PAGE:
While elite rowers are grinding it out pretty steadily toward Tokyo, and some folks got a few ritualistic 'day of' holiday strokes in, most of us didn't seen a footstretcher of any kind fir a week or so at least over the holidays. Even the C2 Holiday Challenge is over, so even folks who did that are undoubtedly taking well-earned breaks from the machine.
A break in a training macrocycle is often a good thing, but if you are wary of letting it go on too long, you have good reason to be concerned. Because This Is What Happens To Your Body When You Stop Going To The Gym (illustrated with Homer Simpson memes, natch).
Among the unsavory effects of bailing on workouts for too long:
- Veins and arteries stiffen within a month, increasing blood pressure
- Oxygen in working muscles can decrease by 20% within two weeks
- Muscle mass decreases within two weeks
- Your brain shrinks, and risk of depression seems to increase
- Blood sugar levels increase in less than a week
Obviously deep de-training will also hurt progress toward your future training goals, but if you aren't ready to get back on the machines or in the boat, here are a few options for keeping things fresh to give your brain a break while keeping your body on track.
This is obvious enough, but can require some planning, as walk-in gyms are rare, going biking on icy roads is dangerous, going running in foot-deep snow is brutal, borrowing snowshoes from neighbors unlikely, etc. Get ahead of things a little by having a plan.
- When you do, do so in a different environment than your usual workouts.
If you want to avoid the rowing machine, also avoid the rowing machine room; even if you are doing the same workouts, doing them in a different location will help you feel like it's not the same old routine.
- Play games
When I was training with a group of folks years back, our winter schedule included two hours of full court basketball every Sunday. It was intense, fun, and exhausting, and was definitely not a "day off."
- Train with friends
Putting in heaps of solo km gets old for even the most dedicated trainers; find some company and the time and km will pass more quickly, and feel more novel than yet another session with only the sound of a spinning wheel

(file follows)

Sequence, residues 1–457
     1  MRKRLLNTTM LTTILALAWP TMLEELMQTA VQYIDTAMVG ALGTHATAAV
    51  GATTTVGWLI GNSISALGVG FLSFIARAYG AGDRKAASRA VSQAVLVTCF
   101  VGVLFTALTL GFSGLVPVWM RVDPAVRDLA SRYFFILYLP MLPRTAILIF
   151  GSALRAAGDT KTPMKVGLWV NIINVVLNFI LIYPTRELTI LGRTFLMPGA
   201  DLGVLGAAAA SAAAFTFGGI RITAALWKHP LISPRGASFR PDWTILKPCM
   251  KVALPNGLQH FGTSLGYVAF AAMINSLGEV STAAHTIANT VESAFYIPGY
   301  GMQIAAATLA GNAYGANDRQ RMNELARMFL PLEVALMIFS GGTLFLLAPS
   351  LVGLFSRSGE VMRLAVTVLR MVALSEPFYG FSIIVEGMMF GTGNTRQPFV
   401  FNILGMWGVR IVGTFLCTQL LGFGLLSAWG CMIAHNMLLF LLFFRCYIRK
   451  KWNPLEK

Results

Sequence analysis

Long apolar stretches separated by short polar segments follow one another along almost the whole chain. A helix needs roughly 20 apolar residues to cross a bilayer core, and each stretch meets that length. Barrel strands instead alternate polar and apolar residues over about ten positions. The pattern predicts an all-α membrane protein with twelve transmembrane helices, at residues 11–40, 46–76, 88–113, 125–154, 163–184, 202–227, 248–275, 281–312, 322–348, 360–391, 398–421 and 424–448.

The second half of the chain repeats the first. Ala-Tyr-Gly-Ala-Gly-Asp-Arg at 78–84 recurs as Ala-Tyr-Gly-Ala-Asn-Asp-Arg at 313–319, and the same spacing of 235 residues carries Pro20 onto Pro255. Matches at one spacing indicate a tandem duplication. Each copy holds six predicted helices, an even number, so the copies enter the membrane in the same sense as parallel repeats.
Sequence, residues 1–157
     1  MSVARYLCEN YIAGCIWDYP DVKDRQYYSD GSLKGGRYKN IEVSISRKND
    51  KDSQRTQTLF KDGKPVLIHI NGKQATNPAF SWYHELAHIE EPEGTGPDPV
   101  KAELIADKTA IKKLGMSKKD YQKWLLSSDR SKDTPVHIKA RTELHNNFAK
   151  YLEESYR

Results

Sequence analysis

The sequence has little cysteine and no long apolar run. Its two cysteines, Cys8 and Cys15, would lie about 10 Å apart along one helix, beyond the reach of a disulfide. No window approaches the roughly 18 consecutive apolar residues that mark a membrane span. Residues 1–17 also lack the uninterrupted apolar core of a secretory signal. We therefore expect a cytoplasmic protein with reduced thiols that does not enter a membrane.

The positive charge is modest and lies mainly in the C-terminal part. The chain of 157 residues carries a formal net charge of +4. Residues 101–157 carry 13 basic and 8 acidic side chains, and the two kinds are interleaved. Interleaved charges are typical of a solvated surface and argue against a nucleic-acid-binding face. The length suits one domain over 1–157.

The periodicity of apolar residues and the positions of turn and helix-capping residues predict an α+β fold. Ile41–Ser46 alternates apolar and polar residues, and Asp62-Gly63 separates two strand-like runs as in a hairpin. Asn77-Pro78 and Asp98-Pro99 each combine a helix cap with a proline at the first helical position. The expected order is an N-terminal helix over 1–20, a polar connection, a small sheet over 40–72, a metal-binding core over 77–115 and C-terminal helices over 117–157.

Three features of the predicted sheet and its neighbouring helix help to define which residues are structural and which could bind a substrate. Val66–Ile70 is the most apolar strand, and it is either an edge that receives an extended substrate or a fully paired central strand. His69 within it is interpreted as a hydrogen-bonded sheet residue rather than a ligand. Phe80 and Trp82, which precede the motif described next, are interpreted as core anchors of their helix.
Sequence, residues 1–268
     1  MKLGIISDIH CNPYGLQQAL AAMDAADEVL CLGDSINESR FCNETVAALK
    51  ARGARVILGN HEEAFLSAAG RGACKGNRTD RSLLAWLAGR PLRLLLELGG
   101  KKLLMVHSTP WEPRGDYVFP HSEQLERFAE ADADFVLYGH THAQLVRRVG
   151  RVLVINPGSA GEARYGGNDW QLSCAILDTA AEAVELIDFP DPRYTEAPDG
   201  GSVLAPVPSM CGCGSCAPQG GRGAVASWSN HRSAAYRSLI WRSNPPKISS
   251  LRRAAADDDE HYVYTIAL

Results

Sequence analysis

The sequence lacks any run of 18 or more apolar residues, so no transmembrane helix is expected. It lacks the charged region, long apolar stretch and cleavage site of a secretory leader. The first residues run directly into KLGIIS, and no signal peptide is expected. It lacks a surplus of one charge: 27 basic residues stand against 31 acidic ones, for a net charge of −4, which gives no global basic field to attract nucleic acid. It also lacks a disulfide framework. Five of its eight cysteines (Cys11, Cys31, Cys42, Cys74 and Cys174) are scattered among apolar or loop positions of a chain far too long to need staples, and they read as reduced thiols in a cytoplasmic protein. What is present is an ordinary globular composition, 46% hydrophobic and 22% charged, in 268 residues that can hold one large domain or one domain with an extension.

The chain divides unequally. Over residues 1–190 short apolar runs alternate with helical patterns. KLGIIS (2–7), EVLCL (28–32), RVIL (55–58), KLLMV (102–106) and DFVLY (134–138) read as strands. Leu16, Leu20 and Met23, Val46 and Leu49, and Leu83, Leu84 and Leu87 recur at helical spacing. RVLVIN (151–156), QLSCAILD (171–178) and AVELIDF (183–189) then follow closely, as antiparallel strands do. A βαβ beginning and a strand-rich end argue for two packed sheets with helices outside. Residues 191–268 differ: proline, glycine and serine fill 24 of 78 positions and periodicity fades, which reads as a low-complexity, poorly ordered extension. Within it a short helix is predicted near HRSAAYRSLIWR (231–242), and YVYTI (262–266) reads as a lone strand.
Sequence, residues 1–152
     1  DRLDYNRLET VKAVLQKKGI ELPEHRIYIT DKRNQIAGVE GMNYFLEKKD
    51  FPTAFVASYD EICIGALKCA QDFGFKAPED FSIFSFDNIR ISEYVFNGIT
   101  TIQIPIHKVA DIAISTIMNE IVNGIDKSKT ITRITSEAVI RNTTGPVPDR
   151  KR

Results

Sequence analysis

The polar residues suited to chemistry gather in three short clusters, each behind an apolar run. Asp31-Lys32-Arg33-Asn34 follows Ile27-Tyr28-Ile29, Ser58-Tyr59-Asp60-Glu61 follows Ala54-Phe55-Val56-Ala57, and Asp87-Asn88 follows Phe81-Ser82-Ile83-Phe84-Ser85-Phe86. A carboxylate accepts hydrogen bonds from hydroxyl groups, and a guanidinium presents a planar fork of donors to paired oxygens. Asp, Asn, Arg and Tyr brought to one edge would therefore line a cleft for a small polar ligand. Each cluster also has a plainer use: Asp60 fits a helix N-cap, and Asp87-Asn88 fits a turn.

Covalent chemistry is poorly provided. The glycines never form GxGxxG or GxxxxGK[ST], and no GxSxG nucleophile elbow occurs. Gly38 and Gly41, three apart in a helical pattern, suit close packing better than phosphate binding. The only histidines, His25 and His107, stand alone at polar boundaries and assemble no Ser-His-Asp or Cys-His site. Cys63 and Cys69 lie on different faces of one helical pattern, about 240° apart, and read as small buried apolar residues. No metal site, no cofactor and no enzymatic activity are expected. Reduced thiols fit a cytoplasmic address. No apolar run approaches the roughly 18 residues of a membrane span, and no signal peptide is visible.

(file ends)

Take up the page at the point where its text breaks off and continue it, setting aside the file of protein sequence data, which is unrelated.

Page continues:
- Train "outside"
The effects of short days on our general sense of well-being are well-known, so to avoid burning up precious daylight hours in a gym or basement, think about setting up your stationary bike, rowing machine, etc. in front of an open garage door, on the porch, etc. getting in a indoor workout without actually being indoors can be refreshing.
- Train with media
For some folks, erging in front of a TV, or listening to podcasts, or with headphones seems like too much stimulation, but for a week or two in the dead of winter, you might give it a try. It might help also to…
- Synch workouts with entertainment
Instead of doing "60' of steady state," or "X x Y' of AT," try this instead: one podcast of steady state; row AT from one commercial break to the next - or make it like a drinking game, steady state until a touchdown, flat out until the extra point goes through the posts, etc. The point is to let your other interests dictate your training for a bit instead of the other way around.
- Take it down a notch
If the short-term goal is mainly to avoid detraining, you can get away with lower volume, lower intensity, and less focus than during "normal" training. Doing perhaps half of your usual training will usually keep detraining at bay.
- Remember anything can qualify as "training."
A long walk with your dog, soccer drills with your kid, shoveling a long driveway, sledding for two hours, mowing the lawn (in some places this winter, this is still in the mix) – all of these can qualify as "training" if the main goal is simply to avoid "detraining."
Your inner Homer Simpson will thank you for it (and if that doesn't work, remember that the CRASH-B is two months from today...)